See photograph of the Orangun of II: Ariwajoye I (1967—?), the 24th king, Oba, of Ola and “Father of the Igbomina Yoruba” taken by John Pemberton III, in Yoruba Beadwork by William Fagg, P. 41 (New York, Rizzoli, 1980). See African Arts, vol. XI, no. 3, April 1978, "Egungun Masquerades of the Igbomina Yoruba" by John Pemberton III, for field photos of very similar staff held by local chief in Egungun festival.
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The relative prestige of an individual or group and the hierarchical position of a social role in a social structure or stratification system. TSIT3 [May 1994 scope note added; lead-in term added. February 1993 descriptor moved.]
Arrangements of beads, often attached to textiles. [December 1992 scope note changed; lead-in term changed, was 'beading (textiles)'; descriptor moved; alternate term deleted, was 'beaded'; related terms added.]
Weapons in the form of a single, long shaft, like a quarterstaff, that serve ceremonial or ritual functions, for instance as symbols of office or public regalia. [July 1998 descriptor added.]
Equus caballus (species)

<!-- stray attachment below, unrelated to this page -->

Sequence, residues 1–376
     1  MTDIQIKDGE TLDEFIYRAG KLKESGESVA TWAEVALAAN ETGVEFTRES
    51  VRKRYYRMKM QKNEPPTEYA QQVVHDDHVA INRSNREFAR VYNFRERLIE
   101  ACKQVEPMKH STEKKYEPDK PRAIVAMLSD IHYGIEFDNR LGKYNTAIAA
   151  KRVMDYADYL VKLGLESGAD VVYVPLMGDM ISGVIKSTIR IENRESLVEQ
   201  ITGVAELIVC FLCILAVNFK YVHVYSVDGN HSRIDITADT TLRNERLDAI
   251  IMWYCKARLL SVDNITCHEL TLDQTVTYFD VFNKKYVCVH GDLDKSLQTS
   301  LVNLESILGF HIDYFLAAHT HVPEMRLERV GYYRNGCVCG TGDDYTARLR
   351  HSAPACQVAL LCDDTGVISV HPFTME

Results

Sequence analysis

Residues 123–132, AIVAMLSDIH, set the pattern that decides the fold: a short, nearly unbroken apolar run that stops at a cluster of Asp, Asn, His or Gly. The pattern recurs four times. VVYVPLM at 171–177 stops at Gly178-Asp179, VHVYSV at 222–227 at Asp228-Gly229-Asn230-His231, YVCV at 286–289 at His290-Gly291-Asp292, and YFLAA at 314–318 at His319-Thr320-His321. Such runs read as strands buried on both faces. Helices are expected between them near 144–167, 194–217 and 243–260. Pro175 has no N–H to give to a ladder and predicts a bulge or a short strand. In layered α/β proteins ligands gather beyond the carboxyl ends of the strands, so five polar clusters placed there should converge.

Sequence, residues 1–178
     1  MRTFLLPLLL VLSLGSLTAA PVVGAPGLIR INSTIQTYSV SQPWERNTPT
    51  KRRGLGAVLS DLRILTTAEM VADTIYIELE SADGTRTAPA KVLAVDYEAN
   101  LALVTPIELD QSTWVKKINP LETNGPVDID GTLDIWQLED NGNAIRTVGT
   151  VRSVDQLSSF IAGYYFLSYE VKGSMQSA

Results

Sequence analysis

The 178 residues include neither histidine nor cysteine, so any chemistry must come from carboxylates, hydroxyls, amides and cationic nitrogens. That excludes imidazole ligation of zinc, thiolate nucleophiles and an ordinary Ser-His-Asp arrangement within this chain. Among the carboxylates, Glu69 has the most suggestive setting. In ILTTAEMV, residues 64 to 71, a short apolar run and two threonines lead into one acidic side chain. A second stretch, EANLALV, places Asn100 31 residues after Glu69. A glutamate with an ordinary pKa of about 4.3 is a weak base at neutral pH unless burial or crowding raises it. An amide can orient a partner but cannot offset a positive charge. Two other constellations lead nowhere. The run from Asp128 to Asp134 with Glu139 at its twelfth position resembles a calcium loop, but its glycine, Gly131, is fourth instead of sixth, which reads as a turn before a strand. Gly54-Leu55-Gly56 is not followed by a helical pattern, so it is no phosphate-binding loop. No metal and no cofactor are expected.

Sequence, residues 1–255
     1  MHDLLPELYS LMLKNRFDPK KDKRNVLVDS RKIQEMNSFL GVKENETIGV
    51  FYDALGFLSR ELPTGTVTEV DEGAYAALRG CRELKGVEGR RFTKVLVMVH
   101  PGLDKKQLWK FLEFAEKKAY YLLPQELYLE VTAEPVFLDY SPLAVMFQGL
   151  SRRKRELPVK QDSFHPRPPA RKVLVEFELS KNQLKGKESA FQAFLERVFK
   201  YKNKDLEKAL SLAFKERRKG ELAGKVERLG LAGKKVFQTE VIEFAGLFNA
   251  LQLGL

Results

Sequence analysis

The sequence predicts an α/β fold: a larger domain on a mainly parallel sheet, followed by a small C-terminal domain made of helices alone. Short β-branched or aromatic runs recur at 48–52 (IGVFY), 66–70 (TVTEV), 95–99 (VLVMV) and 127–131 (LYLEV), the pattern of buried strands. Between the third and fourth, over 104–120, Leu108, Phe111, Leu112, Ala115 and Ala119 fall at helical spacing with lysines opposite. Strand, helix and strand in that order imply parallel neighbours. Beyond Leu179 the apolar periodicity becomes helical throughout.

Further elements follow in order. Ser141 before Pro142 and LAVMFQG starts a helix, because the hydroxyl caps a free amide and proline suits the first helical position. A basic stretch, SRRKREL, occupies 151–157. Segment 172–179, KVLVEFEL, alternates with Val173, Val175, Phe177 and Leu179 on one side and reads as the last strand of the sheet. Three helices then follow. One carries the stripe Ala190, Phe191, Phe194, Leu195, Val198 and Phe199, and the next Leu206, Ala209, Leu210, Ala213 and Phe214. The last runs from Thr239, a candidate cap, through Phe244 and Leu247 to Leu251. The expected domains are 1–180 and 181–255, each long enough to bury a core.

Original populations of Equus caballus were once found in the steppe zone from Poland to Mongolia. Now domesticated, horses occur throughout the world and in feral populations in some areas. Three of the several early breeds of horse - Przewalski's horse from central Asia, the tarpan from eastern Europe and the Ukrainian steppes, and the forest horse of northern Europe - are generally thought to have been the ancestral stock of modern domestic horses. According to this line of thinking, Przewalski's horse and the tarpan formed the basic breeding stock from which the southerly 'warm-blooded' horses developed, while the forest horse gave rise to the heavy, 'cold-blooded' breeds. All modern breeds are divided as light, fast, spirited breeds typified by the modern Arabian, heavier, slower, and calmer working breeds typified by the Belgian, and intermediate breeds typified by the Thoroughbred. They are also classified according to where they originated (e.g., Percheron, Clydesdale, and Arabian), by the principal use of the horse (riding, draft, coach horse), and by their outward appearance and size (light, heavy, pony).
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